Skip’s Quips: ‘Searching for Sugar Man’ a Glorious Tale of Failure and Success

Blog Sketch 082813It turns out that I didn’t watch Searching for Sugar Man at dinnertime tonight, as I originally predicted.

I watched it before that, in the early afternoon.

And what a film it is. The story of the hunt for 1970s musician Sixto Rodriguez – who made a huge impression in South Africa but hardly any commercial impact in the United States – Searching for Sugar Man is a terrific documentary about failure and success … about a man who seemingly doesn’t crave glory or riches, but is content to live a generally quiet life despite his fame across the pond. This movie is directed superbly by Malik Bendjelloul and is packed with classic Rodriguez tunes, all of which I hadn’t heard before. They lend themselves well to the film, which features plenty of fascinating interviews with Rodriguez’s colleagues, fans and family, as well as the man himself.

I felt that this was a sad picture, despite the fact that it has a happy ending. But then my wife asked me why I should feel that way, and I started to think differently. So what if Rodriguez doesn’t revel in the trappings of fame and fortune, like many other celebrities? Is it a fault to live so simply, to – seemingly – want so little? Perhaps it’s just an indication of what kind of man Rodriguez is: a person who doesn’t gravitate to the same things most of us do. Does that make him a tragic figure?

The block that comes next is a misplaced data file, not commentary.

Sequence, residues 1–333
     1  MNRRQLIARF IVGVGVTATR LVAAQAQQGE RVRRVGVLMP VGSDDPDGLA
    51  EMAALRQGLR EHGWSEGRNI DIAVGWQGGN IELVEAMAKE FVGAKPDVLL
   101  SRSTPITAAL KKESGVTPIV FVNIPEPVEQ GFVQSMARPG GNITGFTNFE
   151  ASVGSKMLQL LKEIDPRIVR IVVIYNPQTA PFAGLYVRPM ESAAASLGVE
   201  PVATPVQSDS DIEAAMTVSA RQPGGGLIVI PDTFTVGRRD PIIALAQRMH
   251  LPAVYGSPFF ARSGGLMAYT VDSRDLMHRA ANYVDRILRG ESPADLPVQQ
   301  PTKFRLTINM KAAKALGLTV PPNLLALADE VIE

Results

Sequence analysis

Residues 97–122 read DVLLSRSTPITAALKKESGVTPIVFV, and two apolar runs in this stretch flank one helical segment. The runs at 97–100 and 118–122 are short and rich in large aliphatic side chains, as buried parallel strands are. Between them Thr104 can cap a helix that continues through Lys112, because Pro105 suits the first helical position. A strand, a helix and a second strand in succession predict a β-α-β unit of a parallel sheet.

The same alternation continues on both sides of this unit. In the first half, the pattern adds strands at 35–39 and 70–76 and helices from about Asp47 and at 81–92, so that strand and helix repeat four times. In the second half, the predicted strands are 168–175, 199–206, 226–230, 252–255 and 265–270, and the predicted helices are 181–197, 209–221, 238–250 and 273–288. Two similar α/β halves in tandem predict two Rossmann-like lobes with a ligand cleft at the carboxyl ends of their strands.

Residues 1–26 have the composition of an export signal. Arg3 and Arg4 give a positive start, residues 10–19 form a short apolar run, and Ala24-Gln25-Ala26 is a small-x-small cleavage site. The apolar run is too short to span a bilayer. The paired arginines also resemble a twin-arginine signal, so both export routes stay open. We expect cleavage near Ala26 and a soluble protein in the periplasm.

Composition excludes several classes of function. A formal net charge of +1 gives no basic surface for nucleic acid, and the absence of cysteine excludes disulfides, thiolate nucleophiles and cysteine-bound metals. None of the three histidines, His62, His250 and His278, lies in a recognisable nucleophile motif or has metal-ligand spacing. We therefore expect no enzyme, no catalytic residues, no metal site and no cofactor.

I guess it doesn’t. It actually makes him triumphant. Which the film is as well. I’m happy to have seen it, heard the songs. And I’m happy there are people out there like Rodriguez. He really made this Searching worthwhile.

Skip’s Quips: Up Next on Netflix Is ‘Searching for Sugar Man’

Blog Sketch 082813I do like a good documentary, though it’s not my normal viewing fare during dinnertime. Tomorrow, however, I expect to watch Searching for Sugar Man, which we just received from Netflix, at the eating hour.

Is it good? I don’t know. It has received strong reviews in general, so I’m cautiously optimistic. I have to admit that I don’t know any of the tunes crafted by this documentary’s subject, the reclusive musician Sixto Rodriguez. But that’s hardly a deterrent; if the film is enjoyable, it’s enjoyable. And I expect it to be well done.

So I’m looking forward to watching this film while munching on some grub. Perhaps it will spur a change in my movie-viewing habits – that I’ll start seeing more documentaries during the evening meal. Not that I sense a trend or anything. But it might be fun to try something different.

Sixto Rodriguez, here I come.